I would be very VERY interested in more classes and discussions around a wider variety of illustration fields, as we are all learning it is impossible to simply have one income stream and illustrators are often required to do a number of different tangential endeavors in order to survive in today's world. Lee's art fair and gallery experiences are incredibly interesting to me, and I would love to hear more about them. Will's conventions. Jake's non-children's-book work. These tertiary fields are becoming more and more braided into the central core of the life of a career illustrator (or even part-time hobbyists). I don't think a person can go into illustration anymore without assuming they are going to be a substantive part of their income. Professional actor training, for example, sometimes includes major discussions on the logistics of temp jobs, the ins-and-outs of living a spartan lifestyle, the variety of acting-related opportunities, and so forth. It feels like full-time illustration relying upon one particular thread to weave a tapestry is a thing of the past.
Thanks for doing all you do! It's really helpful to hear you all hash these things out!! You're really making an impact and a difference. Thank-you!!!
@Kawa Thanks for asking this question. I still totally hate the traditional gallery market and think it is not a good business model. BUT, the big thing that changed is the artist now has the ability to sell work without losing the 50% that a gallery still charges. I keep 100% of the profits from an art fair. I keep 100% of the sales from original and print sales from my website too! This is a game changer for me. Artists now have the ability to get their work in front of buyers without losing the big percentage loss they used to have.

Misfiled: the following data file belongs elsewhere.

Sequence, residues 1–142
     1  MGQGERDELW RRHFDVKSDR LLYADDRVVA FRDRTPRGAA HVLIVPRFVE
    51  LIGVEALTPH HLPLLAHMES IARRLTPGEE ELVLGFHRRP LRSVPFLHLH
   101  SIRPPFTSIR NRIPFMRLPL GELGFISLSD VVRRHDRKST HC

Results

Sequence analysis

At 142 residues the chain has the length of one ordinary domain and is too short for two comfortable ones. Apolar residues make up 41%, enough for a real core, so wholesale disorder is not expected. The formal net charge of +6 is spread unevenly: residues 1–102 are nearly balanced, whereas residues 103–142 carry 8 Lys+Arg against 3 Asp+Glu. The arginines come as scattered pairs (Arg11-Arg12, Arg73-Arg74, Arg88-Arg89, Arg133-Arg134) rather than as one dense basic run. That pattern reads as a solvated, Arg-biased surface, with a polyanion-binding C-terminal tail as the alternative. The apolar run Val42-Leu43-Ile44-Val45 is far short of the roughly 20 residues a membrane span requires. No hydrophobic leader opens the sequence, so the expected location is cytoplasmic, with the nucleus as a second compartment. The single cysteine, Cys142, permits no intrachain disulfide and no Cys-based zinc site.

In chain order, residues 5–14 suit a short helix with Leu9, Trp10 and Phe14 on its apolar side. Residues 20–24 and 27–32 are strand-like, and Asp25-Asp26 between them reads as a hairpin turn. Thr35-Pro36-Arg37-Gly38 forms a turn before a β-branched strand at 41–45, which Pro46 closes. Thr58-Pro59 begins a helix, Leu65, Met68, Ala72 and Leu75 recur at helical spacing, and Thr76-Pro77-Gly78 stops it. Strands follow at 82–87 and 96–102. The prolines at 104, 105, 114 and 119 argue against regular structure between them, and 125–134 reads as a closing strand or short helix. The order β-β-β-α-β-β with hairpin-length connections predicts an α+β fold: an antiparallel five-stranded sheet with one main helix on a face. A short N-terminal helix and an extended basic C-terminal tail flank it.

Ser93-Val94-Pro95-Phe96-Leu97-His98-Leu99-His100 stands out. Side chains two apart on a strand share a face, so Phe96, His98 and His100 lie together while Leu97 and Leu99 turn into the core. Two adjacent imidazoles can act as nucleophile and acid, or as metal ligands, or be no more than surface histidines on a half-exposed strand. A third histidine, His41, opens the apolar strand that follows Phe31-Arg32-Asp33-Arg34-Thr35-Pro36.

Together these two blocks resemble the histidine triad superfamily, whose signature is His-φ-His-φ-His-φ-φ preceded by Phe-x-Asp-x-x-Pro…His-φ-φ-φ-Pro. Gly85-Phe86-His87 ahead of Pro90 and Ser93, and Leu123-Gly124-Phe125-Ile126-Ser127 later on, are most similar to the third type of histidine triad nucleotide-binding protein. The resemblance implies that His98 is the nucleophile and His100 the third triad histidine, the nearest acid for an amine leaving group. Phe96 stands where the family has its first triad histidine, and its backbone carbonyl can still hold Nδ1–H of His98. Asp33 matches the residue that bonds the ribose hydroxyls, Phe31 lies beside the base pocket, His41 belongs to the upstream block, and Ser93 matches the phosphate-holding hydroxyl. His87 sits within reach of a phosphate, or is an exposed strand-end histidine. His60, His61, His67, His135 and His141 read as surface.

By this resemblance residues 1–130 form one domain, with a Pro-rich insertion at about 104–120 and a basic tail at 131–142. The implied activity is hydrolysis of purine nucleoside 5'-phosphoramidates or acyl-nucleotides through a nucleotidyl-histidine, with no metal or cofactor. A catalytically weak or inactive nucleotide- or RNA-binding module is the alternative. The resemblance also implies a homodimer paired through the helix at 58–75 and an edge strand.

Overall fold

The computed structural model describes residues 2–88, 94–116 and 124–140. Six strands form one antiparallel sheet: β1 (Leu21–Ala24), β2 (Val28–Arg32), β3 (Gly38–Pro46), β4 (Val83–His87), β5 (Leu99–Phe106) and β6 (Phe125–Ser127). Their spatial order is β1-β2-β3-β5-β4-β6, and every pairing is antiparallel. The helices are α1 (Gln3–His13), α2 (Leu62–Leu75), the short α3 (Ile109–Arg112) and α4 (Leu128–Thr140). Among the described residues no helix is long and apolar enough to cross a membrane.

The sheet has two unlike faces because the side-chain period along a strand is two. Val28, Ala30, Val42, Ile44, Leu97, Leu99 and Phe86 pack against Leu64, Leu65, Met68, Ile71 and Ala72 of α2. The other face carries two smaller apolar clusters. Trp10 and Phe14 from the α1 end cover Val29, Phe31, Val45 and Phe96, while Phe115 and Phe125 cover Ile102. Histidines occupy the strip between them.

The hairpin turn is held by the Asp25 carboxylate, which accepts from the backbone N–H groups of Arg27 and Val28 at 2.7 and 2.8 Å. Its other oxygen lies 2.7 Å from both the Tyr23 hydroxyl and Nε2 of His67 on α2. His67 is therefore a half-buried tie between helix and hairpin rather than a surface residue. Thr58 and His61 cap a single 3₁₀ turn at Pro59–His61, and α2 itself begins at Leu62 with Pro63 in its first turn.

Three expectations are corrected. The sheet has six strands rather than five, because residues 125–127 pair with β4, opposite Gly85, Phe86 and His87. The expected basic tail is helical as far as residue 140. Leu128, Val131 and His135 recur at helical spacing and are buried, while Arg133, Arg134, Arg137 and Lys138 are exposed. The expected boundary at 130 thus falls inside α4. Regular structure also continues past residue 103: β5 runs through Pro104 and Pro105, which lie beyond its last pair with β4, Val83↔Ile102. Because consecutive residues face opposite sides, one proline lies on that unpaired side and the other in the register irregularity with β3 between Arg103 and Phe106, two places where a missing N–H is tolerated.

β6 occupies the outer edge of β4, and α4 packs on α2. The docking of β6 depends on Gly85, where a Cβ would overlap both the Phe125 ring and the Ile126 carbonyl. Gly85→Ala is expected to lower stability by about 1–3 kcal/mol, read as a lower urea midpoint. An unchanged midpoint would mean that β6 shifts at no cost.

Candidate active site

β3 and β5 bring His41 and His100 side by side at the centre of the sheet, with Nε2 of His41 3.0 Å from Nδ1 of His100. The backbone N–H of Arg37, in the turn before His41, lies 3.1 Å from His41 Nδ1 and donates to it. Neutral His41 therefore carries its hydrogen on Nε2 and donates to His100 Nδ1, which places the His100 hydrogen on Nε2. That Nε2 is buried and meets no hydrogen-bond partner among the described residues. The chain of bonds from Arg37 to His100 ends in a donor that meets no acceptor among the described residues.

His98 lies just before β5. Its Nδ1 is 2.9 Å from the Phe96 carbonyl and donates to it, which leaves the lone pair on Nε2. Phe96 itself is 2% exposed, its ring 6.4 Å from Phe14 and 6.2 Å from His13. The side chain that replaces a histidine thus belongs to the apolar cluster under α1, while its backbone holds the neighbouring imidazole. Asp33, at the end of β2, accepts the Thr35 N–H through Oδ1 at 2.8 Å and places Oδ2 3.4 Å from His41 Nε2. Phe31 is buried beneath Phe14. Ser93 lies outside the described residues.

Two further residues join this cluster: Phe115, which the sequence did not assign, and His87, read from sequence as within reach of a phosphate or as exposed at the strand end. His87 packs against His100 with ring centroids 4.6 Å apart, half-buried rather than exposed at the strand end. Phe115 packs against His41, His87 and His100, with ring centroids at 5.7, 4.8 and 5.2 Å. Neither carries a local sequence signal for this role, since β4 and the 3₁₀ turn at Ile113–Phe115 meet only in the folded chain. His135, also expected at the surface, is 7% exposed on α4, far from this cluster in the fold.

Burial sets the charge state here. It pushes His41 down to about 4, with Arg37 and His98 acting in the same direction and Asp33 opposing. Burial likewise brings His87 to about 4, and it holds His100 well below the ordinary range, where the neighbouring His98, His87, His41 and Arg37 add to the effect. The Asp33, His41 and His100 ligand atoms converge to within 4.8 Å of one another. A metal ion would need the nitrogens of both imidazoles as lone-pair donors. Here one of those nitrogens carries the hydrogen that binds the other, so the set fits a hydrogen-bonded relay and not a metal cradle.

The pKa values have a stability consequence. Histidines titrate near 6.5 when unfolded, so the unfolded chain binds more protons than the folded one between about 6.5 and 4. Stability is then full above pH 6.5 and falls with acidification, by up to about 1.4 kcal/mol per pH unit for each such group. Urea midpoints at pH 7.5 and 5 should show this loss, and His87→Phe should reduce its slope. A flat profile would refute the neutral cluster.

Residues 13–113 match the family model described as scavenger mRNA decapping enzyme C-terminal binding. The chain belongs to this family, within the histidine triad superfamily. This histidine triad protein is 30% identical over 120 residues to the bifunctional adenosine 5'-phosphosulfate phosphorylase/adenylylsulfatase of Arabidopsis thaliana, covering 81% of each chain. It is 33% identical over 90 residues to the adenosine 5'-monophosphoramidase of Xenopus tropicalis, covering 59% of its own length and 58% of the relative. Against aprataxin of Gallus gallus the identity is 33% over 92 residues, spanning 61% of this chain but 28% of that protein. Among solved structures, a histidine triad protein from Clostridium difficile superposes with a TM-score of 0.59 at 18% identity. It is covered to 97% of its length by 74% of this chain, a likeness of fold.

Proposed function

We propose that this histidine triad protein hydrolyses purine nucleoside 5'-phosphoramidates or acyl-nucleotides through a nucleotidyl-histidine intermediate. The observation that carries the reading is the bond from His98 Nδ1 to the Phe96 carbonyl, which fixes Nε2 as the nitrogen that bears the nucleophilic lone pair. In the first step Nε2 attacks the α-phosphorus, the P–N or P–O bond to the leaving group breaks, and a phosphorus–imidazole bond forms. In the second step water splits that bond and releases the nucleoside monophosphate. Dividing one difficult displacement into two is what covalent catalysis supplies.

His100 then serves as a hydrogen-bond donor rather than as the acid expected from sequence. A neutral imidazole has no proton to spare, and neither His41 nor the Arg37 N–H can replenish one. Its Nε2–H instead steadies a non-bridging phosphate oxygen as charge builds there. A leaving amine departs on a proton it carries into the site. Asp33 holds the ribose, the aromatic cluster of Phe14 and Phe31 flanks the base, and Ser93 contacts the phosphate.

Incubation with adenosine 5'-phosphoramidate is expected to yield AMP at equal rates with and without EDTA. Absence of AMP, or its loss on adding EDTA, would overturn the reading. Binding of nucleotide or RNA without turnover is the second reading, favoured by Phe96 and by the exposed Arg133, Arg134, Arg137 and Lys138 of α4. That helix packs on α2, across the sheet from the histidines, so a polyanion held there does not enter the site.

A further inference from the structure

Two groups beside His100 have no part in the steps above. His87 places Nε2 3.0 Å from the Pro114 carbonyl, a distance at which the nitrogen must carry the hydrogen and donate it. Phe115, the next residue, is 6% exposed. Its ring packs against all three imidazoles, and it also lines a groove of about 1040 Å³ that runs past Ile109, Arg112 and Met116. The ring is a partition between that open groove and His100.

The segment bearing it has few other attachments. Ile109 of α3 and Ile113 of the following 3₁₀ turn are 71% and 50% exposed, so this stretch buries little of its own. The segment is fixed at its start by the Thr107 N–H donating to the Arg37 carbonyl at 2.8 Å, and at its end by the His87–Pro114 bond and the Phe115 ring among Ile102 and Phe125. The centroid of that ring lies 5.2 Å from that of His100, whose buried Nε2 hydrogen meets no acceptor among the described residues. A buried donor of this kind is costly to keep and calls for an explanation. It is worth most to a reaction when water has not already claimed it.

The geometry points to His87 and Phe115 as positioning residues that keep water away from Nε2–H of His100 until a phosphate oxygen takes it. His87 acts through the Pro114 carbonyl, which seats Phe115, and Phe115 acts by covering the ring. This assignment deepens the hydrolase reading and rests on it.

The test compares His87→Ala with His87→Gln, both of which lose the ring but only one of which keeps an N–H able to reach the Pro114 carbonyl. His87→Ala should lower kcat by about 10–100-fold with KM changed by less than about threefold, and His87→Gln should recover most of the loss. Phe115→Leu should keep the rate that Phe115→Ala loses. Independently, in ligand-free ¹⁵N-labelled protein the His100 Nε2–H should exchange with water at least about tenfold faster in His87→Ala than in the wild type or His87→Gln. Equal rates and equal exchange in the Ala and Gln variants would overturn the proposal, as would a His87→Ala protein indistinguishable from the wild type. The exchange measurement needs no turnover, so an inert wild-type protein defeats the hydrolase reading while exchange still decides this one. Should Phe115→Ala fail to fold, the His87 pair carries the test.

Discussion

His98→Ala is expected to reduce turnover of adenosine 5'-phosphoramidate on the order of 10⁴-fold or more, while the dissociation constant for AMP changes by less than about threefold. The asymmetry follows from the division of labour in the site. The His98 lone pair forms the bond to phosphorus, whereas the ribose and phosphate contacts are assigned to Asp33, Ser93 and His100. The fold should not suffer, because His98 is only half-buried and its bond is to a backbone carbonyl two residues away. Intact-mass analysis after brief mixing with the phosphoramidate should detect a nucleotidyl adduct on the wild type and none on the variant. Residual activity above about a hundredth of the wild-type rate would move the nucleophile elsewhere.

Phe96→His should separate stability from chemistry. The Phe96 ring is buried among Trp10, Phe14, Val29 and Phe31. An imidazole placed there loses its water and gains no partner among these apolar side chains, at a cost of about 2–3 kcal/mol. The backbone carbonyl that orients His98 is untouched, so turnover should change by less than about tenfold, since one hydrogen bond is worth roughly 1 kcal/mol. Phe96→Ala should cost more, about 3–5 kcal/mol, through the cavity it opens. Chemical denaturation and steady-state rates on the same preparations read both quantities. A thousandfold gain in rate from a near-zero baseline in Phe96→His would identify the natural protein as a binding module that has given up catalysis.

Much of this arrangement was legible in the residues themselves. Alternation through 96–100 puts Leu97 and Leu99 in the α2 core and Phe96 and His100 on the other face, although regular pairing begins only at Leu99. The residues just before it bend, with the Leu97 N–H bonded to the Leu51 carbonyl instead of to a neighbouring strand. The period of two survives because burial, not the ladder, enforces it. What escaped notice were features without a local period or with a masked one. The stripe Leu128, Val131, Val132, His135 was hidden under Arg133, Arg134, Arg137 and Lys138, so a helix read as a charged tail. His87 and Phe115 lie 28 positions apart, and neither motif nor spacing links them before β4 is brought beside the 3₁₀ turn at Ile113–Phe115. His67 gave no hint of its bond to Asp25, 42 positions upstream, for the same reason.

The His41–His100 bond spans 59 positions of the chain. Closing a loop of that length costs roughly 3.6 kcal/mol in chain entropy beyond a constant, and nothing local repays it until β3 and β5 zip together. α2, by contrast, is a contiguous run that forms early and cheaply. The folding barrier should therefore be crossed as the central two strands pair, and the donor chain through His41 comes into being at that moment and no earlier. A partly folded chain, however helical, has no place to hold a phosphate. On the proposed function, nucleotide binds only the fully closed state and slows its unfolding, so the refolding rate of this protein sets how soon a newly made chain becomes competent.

The one area I am exploring that still has a 50/50 income split is selling prints on consignment. I have a few shops around that carry my prints and I basically get half that sale. This still works out as a pretty good net gain because my costs are low and these are sales that I wouldn't have had otherwise.
In addition to all that, I'm actually negotiating a lease right now to open an artist run gallery here in Nashville where all the artists keep 100% of their sales. They just pay a small rent per month and can sell whatever they want.
So those are my main points in moving back towards making art and then selling it (vs being commissioned for art as in traditional illustration). Hope that makes sense! let me know if you have more questions. I love talking about this stuff. : )
Amanda Bancroft last edited by
@Lee-White yeah this reflects my experiences selling at various retailers too. I've learned to target the ones who take less than 50/50 commission (like, 40/50 or even less) and the best ones pay me upfront upon receipt of a wholesale order, whether the products sell or not. It seems like book stores and grocery stores (and of course art-specific destinations) sell way better than other types of retailers. Plus it builds a community offline like similar to the art fairs. Also it's a slightly different though overlapping demographic in stores vs on social media which may or may not be beneficial depending on the product, as you probably know, but sharing in case it helps others. I love the podcast and can't wait to listen to this one!